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The right to decide? Supported decision-making in care transitions with older adults who lack capacity.


School of Social and Political Science

Edinburgh United Kingdom Health Psychology Medical Physics Neuroscience Other Social Work

About the Project

The Advanced Care Research Centre at the University of Edinburgh is a new £20m interdisciplinary research collaboration aiming to transform later life with person centred integrated care

The vision of the ACRC is to play a vital role in addressing the Grand Challenge of ageing by transformational research that will support the functional ability of people in later life so they can contribute to their own welfare for longer. With fresh and diverse thinking across interdisciplinary perspectives our academy students will work to creatively embed deep understanding, data science, artificial intelligence, assistive technologies and robotics into systems of health and social care supporting the independence, dignity and quality-of-life of people living in their own homes and in supported care environments.

The ACRC Academy will equip future leaders to drive society’s response to the challenges of later life care provision; a problem which is growing in scale, complexity and urgency. Our alumni will become leaders in across a diverse range of pioneering and influential roles in the public, private and third sectors.

The loss of ‘capacity’ in older age, most commonly due to neurodegenerative conditions like dementia, mean that people are no longer able to able make personal decisions for themselves. This can be due to being incapable of acting on the decision, making, communicating or understanding the decision. This is particularly important when the person is making life-changing decisions, in particular, regarding their care and place of care. One important situation is the transition from home or hospital into permanent care. For the older adult, this often involves a loss of agency, with family members and/or professionals taking on decision-making roles and powers (e.g. our previous work shows that family discussions are well documented, but the individual’s own views are less well reflected in hospital records).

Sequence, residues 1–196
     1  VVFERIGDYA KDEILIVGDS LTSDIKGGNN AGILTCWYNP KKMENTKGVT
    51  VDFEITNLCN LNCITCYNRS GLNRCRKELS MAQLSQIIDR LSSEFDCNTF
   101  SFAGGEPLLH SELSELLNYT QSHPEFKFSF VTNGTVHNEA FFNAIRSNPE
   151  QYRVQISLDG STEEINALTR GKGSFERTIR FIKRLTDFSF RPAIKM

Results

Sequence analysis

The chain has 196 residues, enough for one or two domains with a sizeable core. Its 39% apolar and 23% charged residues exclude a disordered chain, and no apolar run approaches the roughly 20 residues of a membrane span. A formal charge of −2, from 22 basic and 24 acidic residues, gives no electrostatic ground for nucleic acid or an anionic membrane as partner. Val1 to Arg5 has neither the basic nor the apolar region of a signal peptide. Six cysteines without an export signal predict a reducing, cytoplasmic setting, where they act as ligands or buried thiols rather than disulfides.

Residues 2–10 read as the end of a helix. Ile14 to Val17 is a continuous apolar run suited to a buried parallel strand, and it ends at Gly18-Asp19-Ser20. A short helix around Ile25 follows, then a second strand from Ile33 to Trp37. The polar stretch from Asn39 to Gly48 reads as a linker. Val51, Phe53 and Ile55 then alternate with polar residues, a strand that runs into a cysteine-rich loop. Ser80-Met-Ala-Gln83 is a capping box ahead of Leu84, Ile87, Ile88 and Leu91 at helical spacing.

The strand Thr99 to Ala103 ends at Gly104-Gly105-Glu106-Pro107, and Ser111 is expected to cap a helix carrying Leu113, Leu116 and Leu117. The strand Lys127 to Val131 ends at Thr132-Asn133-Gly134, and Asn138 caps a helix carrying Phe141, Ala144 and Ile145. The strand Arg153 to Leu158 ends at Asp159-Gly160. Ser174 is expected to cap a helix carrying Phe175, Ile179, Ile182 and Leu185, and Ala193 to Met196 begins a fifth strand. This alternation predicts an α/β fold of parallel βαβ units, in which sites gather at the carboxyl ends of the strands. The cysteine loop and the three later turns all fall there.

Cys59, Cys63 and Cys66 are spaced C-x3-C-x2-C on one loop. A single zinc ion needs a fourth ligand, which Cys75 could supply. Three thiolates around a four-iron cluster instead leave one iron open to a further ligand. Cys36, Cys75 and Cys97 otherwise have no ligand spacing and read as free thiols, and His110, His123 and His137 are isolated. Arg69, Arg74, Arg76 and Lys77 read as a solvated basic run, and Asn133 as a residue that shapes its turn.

Reflecting recent changes in relevant national and international laws and the added complexity and urgency created by Covid-19, this PhD will explore how developing understandings and models of supported decision-making (SDM) can enhance the decision-making process for older adults who lack capacity, in conjunction with their families and professionals, at these critical care transitions.

Bringing together social work, medical and legal perspectives, the supervisory team mirrors the multi-disciplinary context of this work and we are committed to developing knowledge around SDM that will have practical application in the field. We are also seeking a PhD candidate who recognises decision-making around care transitions as a human right and is interested in engaging with recent and proposed legal frameworks that necessitate changing current practice in this area. Consistent with the principles of SDM, the project offers the novel opportunity to co-produce aspects of the research design with older adults, carers and professionals. The first year of the 1+3 format will allow ample time for the aims, objectives research design and methods to be developed and refined, but the following activities offer an indicative framework the study:

  • The student will carry out a critical review of national and international research evidence for SDM for older adults who lack capacity in relation to care transitions.
  • They will co-produce qualitative research with older adults who lack capacity, their carers and professionals in making care transitions, to identify enablers and barriers to SDM.
  • The study’s findings will support the development a model of SDM that seeks to maximise autonomy and the older adult’s human rights in line with developing national and international law, in the context of everyday multi-disciplinary working pressures in care environments.

Funding Notes

PhD's are fully funded with an above industry stipend for the full 4 year period.

The call is open to candidates of any nationality but funded places for overseas nationals will be strictly limited to 3 international students who can apply for the highly competitive ACRC Global Scholarship.

Application forms are now available here:
View Website

Find more information on how to apply on the How to Apply section of our website:
View Website

References

Video PhD Introduction 1


Video PhD Introduction 2


Video PhD Introduction 3


ACRC Academy Video:



Details on the supervisors’ research can be found here:
Dr P McCusker
Dr S Shenkin
Prof AM Farrell

Key introductory reading on decision making at the point of hospital-to-care transitions, SDM and Scottish law reform:
Harrison, J, MacArthur, J, Garcia Garrido, A, Logan, G, Rhynas, S, Maclullich, A & Shenkin, S. (2017). Decisions affecting discharge from hospitals to care homes, Nursing Times, 113 (6), pp. 29-32.
https://academic.oup.com/ageing/article/46/2/238/2281666
Davidson, G., Kelly, B., Macdonald, G., Rizzo, M., Lombard, L., Abogunrin, O., Clift-Matthews, V. and Martin, A. (2015).
Supported decision making: A review of the international literature, International Journal of Law and Psychiatry,
38,pp. 61-67.
https://doi.org/10.1016/j.ijlp.2015.01.008
Scottish Government (2019). Scottish Mental Health Law Review: Terms of Reference. Edinburgh: Scottish Government.

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